Build and test the code to ensure the back light changes every time the binary counter rolls.

Dot matrix board ONLY
Make the counting color of the LEDs change every time the counter rolls. To keep this simple, only cycle from red to green to blue and then repeat. Since we can look at the definition of LedNumberType we can see that the green elements are +4 indices away from red, and the blue elements are +4 indices away from green. So we will “hack” our code using this which will accomplish what we want but also create a nice learning opportunity.

Add another static variable u8ColorIndex that will track the current color for the LED. We will then use u8ColorIndex to generate an offset to the red LED segments that are being set or cleared from part 1 of the exercise e.g (RED3 + (4 * u8ColorIndex)). Make sure u8ColorIndex wraps back to 0 every time it reaches 3.

  static u16 u16BlinkCount = 0;
  static u8 u8Counter = 0;
  static u8 u8ColorIndex = 0;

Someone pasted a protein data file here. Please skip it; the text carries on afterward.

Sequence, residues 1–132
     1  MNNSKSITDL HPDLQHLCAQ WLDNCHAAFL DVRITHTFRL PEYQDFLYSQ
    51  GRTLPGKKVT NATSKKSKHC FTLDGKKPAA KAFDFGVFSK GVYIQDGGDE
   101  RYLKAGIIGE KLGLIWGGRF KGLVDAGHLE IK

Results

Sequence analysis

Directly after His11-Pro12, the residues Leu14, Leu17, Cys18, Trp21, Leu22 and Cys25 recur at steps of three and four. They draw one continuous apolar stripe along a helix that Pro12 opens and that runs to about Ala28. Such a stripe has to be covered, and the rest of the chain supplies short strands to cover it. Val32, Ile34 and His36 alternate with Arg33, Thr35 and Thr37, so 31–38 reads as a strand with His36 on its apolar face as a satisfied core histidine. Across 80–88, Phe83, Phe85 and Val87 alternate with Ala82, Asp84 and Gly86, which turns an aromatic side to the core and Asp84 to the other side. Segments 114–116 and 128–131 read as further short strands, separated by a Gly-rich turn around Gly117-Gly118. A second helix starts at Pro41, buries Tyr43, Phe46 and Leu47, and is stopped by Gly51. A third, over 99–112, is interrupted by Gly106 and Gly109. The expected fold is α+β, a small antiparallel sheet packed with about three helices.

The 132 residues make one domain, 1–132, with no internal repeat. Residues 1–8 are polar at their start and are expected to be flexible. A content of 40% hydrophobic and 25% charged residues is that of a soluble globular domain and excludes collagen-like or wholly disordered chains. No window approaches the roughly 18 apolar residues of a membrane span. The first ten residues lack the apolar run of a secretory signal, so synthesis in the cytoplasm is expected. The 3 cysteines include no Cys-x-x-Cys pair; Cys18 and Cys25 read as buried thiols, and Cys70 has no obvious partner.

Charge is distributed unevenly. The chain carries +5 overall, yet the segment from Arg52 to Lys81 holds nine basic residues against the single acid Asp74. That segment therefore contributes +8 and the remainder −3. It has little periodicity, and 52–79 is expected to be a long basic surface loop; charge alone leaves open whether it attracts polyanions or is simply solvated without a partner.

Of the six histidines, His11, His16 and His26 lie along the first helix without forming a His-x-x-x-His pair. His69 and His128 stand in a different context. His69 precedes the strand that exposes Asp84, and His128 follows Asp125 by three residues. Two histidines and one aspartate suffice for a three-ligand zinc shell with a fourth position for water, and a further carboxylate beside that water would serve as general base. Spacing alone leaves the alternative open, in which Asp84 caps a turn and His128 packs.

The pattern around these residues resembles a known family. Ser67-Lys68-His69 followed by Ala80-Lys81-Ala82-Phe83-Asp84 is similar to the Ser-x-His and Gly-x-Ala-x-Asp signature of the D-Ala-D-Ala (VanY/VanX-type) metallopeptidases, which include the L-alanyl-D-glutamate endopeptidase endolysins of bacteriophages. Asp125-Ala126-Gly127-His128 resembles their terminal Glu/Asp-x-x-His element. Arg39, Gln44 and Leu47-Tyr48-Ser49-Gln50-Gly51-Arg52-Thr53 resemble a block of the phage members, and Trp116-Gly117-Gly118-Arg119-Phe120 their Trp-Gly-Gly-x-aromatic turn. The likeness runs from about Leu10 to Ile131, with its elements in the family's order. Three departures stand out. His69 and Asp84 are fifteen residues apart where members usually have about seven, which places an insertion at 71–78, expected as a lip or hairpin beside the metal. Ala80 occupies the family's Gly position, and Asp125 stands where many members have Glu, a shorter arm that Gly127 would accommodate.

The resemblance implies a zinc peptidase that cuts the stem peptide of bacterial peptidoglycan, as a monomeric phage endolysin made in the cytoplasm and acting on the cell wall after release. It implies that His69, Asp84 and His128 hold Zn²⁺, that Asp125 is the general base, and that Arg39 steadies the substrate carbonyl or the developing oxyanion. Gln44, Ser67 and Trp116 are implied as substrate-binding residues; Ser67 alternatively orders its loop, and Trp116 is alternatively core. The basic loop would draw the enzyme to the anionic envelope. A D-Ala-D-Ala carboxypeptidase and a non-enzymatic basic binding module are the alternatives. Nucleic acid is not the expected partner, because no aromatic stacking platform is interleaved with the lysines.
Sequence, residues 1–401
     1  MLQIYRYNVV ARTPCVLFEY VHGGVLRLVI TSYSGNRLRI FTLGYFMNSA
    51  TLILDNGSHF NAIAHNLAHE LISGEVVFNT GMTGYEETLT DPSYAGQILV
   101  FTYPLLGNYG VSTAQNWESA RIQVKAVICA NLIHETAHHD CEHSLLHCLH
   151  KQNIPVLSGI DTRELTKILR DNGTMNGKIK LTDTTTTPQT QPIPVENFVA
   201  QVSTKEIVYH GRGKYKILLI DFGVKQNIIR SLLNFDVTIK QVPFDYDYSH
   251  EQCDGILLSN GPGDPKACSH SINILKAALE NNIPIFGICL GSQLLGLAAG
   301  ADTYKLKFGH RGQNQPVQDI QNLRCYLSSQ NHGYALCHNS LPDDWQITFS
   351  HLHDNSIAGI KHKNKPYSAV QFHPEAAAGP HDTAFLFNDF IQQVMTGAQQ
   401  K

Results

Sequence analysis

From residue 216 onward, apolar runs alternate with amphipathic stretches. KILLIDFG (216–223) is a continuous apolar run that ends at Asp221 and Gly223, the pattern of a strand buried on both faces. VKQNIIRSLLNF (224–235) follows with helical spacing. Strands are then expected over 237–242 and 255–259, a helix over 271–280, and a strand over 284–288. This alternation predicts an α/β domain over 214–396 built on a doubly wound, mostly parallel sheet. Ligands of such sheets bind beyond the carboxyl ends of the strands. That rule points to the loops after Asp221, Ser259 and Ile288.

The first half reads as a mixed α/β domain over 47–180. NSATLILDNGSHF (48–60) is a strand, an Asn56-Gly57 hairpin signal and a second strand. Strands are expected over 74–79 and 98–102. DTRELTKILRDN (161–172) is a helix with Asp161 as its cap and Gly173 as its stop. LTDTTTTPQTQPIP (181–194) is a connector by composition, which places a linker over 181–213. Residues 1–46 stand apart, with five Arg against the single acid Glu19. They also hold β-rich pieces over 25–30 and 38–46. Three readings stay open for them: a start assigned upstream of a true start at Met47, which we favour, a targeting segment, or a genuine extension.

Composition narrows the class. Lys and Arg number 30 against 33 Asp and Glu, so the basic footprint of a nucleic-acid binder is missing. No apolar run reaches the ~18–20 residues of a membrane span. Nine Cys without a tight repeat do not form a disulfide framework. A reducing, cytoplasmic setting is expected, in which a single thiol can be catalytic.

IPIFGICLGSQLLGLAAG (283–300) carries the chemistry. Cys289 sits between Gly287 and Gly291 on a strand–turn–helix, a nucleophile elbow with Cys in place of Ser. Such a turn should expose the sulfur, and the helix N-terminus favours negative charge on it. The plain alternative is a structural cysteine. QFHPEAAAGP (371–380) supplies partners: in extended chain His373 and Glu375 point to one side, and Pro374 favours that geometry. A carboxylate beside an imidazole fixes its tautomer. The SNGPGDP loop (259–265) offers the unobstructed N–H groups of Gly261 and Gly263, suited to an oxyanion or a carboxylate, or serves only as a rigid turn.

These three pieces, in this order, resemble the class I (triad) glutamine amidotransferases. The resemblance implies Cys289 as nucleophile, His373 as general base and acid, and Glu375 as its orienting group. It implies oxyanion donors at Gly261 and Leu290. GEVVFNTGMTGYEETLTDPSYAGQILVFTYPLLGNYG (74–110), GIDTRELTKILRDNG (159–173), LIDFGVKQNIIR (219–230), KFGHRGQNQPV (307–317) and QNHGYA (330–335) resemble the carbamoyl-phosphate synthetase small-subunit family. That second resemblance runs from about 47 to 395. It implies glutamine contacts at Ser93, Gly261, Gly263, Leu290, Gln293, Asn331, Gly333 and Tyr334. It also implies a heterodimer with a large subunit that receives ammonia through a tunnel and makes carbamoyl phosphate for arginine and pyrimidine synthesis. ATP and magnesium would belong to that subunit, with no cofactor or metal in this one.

u16BlinkCount++;
  if(u16BlinkCount == 500)
  {
    u16BlinkCount = 0;
    
    /* Update the counter and roll at 16 */
    u8Counter++;
    if(u8Counter == 16)
    {
      u8Counter = 0;
      
      LedOff((LedNumberType)(RED3 + (4 * u8ColorIndex)));
      LedOff((LedNumberType)(RED2 + (4 * u8ColorIndex)));
      LedOff((LedNumberType)(RED1 + (4 * u8ColorIndex)));
      LedOff((LedNumberType)(RED0 + (4 * u8ColorIndex)));
      
      u8ColorIndex++;
      if(u8ColorIndex == 3)
      {
        u8ColorIndex = 0;
      }
    } /* end if(u8Counter == 16) */
    
    /* Parse the current count to set the LEDs.  From leds.h we see the enum for red, green and blue
    are seperated by 4 so use this with u8ColorIndex to */
    
    if(u8Counter & 0x01)
    {